And of course there is paint. I think oil based paint levels better than water base but it depends on what you are working on.

I use boiled linseed oil a lot but not as a finish coat on furniture.

I use Danish oil on some of the backs and bottoms of pieces I refinish.

Spar varnish seems to stand up to Texas sun for a few years.

You develop what you like over the years so do not shy away from trying things. You never know what you are going to figure out.
I just recently tried boiled linseed oil, beeswax, and turpentine mixed to together for my work bench finish. I kind of like it. The beeswax smells good.

Last edited by coxhaus; 09-01-2016 at 01:57 PM.
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post #7 of 13 (permalink) Old 09-01-2016, 03:48 PM
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Right now, for my canes, I use several coats of thinned Titebond II. Inexpensive, goes on easily, holds up well. Why? Because that's what I like. I may wind up using a different finish on other projects, but the canes will continue to be done with the thinned Titebond.

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post #8 of 13 (permalink) Old 09-03-2016, 11:18 PM
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I think I'm going to use my leftover bits and pieces of different varieties of woods and try different finishes so I can have some samples to compare. I get from this string that finishing is largely a matter of experimenting until you figure out what will work best. And certainly, prep is critical.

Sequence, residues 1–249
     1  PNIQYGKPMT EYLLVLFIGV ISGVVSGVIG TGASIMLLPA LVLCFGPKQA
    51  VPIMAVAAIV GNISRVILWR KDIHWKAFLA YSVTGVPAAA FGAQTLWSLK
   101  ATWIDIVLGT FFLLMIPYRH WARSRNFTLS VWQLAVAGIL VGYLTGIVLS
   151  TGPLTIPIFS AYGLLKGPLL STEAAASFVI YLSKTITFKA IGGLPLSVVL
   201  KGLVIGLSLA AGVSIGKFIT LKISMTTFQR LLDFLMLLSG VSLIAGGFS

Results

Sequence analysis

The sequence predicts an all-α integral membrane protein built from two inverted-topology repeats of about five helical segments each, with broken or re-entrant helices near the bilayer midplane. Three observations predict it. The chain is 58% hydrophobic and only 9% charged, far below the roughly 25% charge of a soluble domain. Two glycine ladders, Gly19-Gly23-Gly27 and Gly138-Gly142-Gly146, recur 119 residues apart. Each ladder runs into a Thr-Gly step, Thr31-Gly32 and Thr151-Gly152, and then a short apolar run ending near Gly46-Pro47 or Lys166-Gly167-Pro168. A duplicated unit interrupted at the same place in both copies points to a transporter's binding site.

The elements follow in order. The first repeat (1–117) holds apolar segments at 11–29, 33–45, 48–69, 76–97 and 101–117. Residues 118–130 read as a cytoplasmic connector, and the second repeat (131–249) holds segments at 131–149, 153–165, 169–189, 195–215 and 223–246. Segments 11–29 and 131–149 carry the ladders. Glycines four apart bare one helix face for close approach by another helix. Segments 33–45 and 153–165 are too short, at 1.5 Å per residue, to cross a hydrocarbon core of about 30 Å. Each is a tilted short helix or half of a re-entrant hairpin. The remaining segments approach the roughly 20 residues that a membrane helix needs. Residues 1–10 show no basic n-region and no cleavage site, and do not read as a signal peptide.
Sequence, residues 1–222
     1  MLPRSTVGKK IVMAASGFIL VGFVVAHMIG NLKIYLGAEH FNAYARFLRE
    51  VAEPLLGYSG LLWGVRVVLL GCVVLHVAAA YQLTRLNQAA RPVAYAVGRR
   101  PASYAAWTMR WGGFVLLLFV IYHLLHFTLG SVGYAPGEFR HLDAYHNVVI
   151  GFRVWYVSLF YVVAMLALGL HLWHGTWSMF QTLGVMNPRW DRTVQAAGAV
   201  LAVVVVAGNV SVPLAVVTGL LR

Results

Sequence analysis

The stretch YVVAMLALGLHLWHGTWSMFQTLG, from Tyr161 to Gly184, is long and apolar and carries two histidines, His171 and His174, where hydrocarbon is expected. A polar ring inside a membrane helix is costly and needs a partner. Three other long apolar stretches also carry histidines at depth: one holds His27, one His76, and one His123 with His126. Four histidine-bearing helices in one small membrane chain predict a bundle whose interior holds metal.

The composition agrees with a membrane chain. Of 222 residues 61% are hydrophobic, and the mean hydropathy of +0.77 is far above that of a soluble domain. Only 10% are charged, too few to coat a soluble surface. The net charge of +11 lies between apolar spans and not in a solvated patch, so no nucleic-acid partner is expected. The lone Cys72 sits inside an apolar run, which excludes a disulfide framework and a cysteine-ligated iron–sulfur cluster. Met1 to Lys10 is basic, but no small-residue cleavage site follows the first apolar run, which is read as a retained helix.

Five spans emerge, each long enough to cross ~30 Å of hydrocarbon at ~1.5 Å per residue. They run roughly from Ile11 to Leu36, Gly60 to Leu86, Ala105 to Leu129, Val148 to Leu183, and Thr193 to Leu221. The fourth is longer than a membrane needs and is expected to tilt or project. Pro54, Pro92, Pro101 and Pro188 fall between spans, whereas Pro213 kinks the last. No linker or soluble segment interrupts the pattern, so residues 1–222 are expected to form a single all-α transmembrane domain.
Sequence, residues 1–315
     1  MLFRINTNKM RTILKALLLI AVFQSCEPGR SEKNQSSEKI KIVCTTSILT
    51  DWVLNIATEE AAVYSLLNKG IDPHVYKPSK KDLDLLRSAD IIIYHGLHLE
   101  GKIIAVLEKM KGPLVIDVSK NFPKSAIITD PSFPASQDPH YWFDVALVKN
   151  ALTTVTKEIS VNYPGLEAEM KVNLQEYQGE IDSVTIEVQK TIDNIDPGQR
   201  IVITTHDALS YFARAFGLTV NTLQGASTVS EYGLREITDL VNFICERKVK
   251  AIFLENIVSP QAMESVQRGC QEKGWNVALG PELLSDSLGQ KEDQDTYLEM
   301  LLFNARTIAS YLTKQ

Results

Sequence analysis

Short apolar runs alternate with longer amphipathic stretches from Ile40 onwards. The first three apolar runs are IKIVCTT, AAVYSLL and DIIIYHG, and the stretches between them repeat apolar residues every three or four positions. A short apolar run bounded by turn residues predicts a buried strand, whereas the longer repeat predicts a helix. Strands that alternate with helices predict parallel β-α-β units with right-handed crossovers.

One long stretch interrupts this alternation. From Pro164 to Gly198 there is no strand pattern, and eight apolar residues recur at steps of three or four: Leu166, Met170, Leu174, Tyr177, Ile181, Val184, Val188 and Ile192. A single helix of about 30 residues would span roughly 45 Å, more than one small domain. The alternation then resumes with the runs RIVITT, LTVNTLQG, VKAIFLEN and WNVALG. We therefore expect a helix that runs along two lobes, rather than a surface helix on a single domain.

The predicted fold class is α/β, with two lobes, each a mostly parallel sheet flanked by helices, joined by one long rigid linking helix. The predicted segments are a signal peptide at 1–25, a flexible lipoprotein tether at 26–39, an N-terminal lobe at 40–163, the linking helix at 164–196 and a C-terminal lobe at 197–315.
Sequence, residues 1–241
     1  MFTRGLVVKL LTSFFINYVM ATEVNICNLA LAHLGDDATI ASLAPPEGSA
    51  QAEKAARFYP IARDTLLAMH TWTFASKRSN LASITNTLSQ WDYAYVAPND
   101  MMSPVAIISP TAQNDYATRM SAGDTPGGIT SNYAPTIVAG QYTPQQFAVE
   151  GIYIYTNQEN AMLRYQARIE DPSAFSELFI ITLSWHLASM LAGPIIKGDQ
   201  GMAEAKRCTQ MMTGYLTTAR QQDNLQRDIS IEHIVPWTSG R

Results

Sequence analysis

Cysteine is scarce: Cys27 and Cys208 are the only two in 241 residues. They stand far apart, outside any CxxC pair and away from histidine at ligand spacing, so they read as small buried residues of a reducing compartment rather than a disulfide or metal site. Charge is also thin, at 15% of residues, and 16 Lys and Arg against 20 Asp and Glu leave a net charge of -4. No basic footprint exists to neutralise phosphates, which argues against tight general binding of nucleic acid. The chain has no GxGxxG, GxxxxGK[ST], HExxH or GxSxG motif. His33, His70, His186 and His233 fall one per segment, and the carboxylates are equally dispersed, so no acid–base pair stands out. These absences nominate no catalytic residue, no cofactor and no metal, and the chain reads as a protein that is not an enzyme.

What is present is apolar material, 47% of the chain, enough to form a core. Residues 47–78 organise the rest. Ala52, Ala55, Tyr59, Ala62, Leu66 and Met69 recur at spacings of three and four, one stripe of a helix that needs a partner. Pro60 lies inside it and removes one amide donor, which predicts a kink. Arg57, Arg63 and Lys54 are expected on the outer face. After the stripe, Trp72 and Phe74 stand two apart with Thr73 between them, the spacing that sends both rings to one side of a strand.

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post #9 of 13 (permalink) Old 09-05-2016, 08:48 PM
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OK, just working on a Cherry painting frame, with, sanding ,prestain, stain, very light sanding, wipe on poly brushed on, 320 grit very very light sanding, wipe on poly brushed on. And it looks very good. Bought a bunch of disposable chip brushes in various widths and it beats the paper towel technique because it doesn't leave a pool of poly in the corners. This will work for me.

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post #10 of 13 (permalink) Old 09-06-2016, 08:28 PM
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I seem to have settled into Danish Oil followed a few days later with several coats of wipe on poly. I know some people like more coats of Danish, but it seems to me that the poly in the Danish will seal the wood, preventing more oil of any kind from penetrating into it. Might as well just go to straight poly at that point.